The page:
Farmiga ejected the disc. “I wish I could show you another video that has worked,” she said. “But even with the videos, I lost all the other parts.” She looked through the pile. There was an audition for “Grindhouse,” Quentin Tarantino’s latest project, for which she would have played a dancer. “I think Rosario Dawson got that one,” she said. And an audition for a movie called “Savages,” a family drama. On that video, she was wearing a jean jacket and smoking a cigarette. “Oh, God — I’m awful in this,” Farmiga exclaimed. “Thank God I didn’t get it.”

She rummaged through the pile again. “Oh, this one I really wanted,” she said, and put the disc in her computer. On the screen, Farmiga appeared in a scruffy beard and mustache, her hair done in a rock-star shag. She was auditioning for a film about Bob Dylan by the director Todd Haynes in which several different characters, men and women, will depict aspects of Dylan’s life. “This is what Cate Blanchett will win an Oscar for,” Farmiga said, staring at herself onscreen. “I lost this part to her.” She paused. “Next time,” she said. “It could be different next time.”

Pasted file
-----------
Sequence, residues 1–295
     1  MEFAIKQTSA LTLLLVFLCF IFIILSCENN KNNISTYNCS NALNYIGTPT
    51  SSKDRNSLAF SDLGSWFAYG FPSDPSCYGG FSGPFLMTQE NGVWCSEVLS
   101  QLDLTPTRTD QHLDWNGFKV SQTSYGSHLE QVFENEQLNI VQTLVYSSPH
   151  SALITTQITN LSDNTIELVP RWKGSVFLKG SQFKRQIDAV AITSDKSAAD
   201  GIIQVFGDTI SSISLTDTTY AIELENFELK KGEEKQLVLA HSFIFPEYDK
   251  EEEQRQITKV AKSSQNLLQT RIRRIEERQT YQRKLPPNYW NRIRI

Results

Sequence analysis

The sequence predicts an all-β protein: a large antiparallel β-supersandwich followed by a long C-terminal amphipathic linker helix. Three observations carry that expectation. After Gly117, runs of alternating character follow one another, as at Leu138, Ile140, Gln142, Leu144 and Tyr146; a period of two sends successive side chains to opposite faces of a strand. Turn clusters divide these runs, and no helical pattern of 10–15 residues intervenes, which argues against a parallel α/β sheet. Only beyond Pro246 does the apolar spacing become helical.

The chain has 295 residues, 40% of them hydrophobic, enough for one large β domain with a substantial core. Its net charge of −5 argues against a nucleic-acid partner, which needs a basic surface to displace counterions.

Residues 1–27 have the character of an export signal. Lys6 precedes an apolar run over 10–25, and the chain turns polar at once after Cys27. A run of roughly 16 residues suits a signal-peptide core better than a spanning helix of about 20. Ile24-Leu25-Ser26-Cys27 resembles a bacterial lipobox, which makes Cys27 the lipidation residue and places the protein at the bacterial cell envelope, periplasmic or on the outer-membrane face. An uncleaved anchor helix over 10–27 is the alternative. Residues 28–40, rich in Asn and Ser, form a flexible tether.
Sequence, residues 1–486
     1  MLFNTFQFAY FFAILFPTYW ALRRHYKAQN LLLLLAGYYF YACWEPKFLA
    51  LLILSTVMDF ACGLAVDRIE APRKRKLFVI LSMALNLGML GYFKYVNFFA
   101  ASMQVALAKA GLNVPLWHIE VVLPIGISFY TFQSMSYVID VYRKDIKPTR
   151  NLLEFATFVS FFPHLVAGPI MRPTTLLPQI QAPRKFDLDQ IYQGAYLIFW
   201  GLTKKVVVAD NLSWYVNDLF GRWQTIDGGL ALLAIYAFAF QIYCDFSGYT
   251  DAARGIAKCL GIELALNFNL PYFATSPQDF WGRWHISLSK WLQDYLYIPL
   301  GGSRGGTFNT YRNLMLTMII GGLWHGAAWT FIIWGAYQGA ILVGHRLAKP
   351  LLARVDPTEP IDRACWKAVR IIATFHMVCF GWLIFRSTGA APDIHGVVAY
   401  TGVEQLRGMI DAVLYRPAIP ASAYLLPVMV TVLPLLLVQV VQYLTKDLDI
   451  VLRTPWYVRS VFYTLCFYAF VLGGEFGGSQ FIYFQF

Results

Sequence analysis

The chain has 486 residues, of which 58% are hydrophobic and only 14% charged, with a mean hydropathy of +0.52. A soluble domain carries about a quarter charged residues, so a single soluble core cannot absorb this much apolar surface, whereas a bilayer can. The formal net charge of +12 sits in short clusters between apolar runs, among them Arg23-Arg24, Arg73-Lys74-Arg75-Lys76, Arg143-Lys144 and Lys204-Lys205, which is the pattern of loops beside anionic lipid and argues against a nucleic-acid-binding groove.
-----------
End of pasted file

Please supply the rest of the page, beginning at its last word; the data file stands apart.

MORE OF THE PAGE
“You have to really want a part to come to St. Petersburg to shoot a film in winter,” Farmiga told me in April. She was talking on the set of “In Tranzit,” an independent film, partly financed with Russian money, which takes place just after World War II. Farmiga had the starring role: a doctor who is overseeing a Russian prison camp that is housing German prisoners of war. Most of the seven-week shoot took place in an abandoned glue factory in St. Petersburg. On the day that I arrived, a freezing, gray, 17-degree day, Farmiga, dressed in period garb — a heavy military coat over a white doctor’s smock — was filming a scene in an upstairs room of a bombed-out building that had filthy broken windows and trash-strewn hallways. The conditions on the set were terrible: Farmiga’s tiny trailer, which doubled as her dressing room, had no heat or running water for the first few weeks, when the temperature was regularly 20 below. With only a few days left in the shoot, garbage had accumulated all over the set, and several feral dogs were roaming around the glue factory in search of scraps.